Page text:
As I drove through a nearby shopping center this past weekend, I watched the masses hurry in and out of the department stores. Those heading in had various looks on their faces. Some with determination and focus as if they were on a serious mission. Some with stressful looks as if they had no clue what they were looking for or what to get. Those who emerged from the stores heading to their vehicles after making their purchases seemed to have looks of relief, contentment and excitement. Perhaps, some even felt accomplished having completed some major shopping a week before Christmas.
The presents that were bought may have been for family, friends, coworkers or even someone they do not even really know too well (think White Elephant gifts). Isn’t it interesting that some of us invest a lot of time (and sometimes, money too) in search of finding something that we hope another person will like or appreciate? What if we didn’t buy something for someone else? Would we cease to have a relationship with them?
Of course not. So why do we do it?
While the custom of gift-giving goes all the back to the story of Jesus’ birth in the Bible when the Three Wise Men brought gifts of frankincense, gold and myrrh, it has evolved over time. There is no denying there is a lot of commercialization associated with the holidays these days.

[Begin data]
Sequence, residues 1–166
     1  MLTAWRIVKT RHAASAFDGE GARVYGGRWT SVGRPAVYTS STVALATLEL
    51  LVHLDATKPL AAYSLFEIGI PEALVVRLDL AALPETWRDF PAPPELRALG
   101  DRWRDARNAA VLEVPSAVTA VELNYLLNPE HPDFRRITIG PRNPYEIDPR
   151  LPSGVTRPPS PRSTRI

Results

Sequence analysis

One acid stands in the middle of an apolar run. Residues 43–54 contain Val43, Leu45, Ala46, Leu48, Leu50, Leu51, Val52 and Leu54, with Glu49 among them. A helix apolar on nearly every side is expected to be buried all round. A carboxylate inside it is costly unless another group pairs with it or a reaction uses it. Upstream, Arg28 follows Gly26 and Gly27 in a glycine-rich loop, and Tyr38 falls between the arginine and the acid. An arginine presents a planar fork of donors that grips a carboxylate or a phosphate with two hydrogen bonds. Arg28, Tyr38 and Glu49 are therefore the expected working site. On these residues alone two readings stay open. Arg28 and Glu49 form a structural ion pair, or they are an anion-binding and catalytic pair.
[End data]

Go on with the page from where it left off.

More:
Hear me clearly.
I am not advocating for no presents this holiday season. I am not condemning or criticizing those who want to give things to others.
Whether you choose to deal with store crowds or spend countless hours doing online shopping, buying presents for others at Christmas can be a wonderful thing. After all, it is exciting as you anxiously anticipate the recipient’s response when they open his or her gift.
Tears. Laughter. Surprise.
Each gift purchased has a price (don’t forget to remove those price tags or stickers). The price is not a measure of how much we like or love another person. What is more important is the significance of the gift. The significance is indicative of the level of connection with have with others. It is indicative of knowing their likes and dislikes as well as their needs, wants and desires. The significance is a result of observations, conversations, and not so subtle hints.
It is also important to recognize and understand that some of your family and friends may prefer your presence over your presents. However, to know that requires you to spend quality time with them. Observing. Listening.
Presence is priceless. It is how memories are made and cherished. It is selfless. It is kind. It can be the most valuable gift you ever give to another person not only this holiday season, but throughout each year.
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